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Leaving the EU: Aviation Sector

Volume 649: debated on Thursday 22 November 2018

19. What recent assessment he has made of the potential effect on the viability of the aviation sector of the UK leaving the EU. (907784)

The UK Government and European Commission have agreed in principle that the two sides should negotiate a comprehensive air transport agreement, and the Department is working closely with the aviation sector to ensure its requirements are factored into the negotiations.

The draft withdrawal agreement will have done little to alleviate the uncertainty of the aviation industry, and with the post-Brexit relationship yet to be negotiated and the risk of no deal increasing, can the Minister confirm whether the aviation agreement talks, which the Secretary of State earlier this month said were ready to start, have now begun? When does the Minister expect them to be concluded?

The hon. Gentleman is a keen student of Adam Smith and he will therefore know that free trade is constantly something that both sides will benefit from and will seek to derive gain. The conversations that he mentions continue and both sides have a strong interest in reaching a deal. That should be no cause for surprise, because the President of the European Council said on 7 March:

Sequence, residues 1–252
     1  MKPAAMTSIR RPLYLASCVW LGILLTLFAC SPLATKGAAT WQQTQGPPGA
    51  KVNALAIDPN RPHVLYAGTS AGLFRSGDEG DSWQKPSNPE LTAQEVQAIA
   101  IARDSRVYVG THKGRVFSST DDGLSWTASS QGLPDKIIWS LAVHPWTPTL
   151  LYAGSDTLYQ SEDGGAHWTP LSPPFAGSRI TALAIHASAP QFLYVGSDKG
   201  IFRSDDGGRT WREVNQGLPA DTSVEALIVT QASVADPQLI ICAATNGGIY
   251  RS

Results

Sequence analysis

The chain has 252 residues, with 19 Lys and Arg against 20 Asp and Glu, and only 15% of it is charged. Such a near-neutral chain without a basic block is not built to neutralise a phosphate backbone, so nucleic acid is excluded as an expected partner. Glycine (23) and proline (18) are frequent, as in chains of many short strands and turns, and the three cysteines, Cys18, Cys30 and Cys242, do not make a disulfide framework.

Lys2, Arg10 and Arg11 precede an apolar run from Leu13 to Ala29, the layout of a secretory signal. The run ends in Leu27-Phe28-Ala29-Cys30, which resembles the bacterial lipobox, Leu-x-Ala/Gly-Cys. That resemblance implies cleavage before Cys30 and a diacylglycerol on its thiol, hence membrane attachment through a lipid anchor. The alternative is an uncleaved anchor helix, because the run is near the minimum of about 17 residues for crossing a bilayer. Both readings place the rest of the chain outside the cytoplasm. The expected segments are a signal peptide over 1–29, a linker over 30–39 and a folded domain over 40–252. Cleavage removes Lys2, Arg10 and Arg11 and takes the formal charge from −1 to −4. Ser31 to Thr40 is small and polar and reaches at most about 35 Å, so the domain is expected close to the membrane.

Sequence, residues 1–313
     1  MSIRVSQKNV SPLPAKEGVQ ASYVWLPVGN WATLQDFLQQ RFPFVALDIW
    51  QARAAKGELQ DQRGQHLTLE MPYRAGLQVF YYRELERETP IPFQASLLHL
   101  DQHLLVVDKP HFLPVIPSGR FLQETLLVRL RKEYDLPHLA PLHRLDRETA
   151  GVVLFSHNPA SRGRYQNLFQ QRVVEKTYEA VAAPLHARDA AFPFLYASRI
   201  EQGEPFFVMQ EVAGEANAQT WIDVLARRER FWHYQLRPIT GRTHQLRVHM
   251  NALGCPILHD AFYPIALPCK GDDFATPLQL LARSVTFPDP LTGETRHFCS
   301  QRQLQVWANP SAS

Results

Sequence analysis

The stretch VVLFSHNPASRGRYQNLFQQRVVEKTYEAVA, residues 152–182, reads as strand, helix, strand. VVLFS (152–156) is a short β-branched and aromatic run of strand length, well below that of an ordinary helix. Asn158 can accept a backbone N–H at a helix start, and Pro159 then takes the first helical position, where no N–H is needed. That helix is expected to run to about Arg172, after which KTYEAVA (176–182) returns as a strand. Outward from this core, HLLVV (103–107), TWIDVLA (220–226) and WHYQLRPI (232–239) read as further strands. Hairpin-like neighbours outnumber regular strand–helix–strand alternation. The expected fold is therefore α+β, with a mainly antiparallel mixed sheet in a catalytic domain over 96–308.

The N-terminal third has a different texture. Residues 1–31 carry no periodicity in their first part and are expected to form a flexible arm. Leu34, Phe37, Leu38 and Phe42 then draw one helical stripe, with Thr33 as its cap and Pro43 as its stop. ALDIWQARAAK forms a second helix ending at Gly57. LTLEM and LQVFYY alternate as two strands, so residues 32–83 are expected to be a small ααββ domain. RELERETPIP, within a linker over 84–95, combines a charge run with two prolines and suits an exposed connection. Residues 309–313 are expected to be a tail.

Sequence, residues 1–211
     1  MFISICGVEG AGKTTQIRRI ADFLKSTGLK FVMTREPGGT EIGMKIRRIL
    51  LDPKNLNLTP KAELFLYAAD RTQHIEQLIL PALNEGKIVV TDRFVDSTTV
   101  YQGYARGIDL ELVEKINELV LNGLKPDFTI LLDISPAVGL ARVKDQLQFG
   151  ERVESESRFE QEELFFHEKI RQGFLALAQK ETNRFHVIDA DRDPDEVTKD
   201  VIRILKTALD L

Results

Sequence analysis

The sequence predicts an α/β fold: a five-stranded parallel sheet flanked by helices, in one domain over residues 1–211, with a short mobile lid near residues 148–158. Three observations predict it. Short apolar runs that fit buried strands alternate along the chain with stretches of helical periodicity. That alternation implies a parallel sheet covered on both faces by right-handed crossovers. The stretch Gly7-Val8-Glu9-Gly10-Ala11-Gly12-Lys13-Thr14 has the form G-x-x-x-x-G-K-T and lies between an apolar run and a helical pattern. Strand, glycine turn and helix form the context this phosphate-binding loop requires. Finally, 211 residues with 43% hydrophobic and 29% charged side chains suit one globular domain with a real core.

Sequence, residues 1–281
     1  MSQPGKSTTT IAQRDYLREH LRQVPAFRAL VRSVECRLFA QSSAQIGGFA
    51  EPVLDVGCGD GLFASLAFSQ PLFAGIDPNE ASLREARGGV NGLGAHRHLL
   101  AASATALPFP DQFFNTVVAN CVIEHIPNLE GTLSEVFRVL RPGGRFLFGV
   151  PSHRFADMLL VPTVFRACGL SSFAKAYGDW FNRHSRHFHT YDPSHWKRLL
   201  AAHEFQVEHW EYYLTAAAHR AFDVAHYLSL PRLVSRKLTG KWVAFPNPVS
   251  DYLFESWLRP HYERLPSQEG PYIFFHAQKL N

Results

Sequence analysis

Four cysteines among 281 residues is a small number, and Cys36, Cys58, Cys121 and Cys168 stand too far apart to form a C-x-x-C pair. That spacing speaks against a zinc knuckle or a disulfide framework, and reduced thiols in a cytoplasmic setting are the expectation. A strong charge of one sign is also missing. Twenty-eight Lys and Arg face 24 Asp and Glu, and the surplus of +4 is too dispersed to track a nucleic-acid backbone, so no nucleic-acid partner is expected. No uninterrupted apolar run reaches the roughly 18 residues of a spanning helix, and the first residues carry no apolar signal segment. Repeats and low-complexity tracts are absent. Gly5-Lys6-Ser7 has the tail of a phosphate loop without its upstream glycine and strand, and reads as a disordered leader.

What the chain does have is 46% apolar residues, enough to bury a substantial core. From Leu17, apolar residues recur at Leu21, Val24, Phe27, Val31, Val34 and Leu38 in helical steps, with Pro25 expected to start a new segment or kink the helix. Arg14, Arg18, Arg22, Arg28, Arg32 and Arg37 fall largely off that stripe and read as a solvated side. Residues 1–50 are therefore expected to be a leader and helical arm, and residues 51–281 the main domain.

“I am determined to avoid that particularly absurd consequence of Brexit that is the disruption of flights between the UK and the EU”,

and he was right.

Less than a month ago, the Secretary of State told the aviation conference that it was theoretically possible that the European Aviation Safety Agency could refuse or delay the certification of UK-certified planes. Now we have even less time before we leave the EU, so can the Minister offer any more certainty to the aviation sector?

I can do no better than to remind the hon. Gentleman of the notice that was published on 13 November which said specifically that there would be reciprocity in operations between the UK and the EU in the air transport sector, that aviation safety certificates would remain valid for a period of time, and that passengers and cabin luggage from the UK would not need to be rescreened. This all points to the likelihood of a perfectly good, sensible and comprehensive agreement.

Will the Minister tell us whether Airbus, which is critical for Bristol jobs, and the other manufacturing industries in its supply chain will be able to maintain planes and move parts between the UK and the EU exactly as before if there is no deal?

As the hon. Lady knows, we expect there to be a deal and there is every reason for there to be a deal. Contingency arrangements are already in place, and I would direct her to the technical notices that have been published on this topic.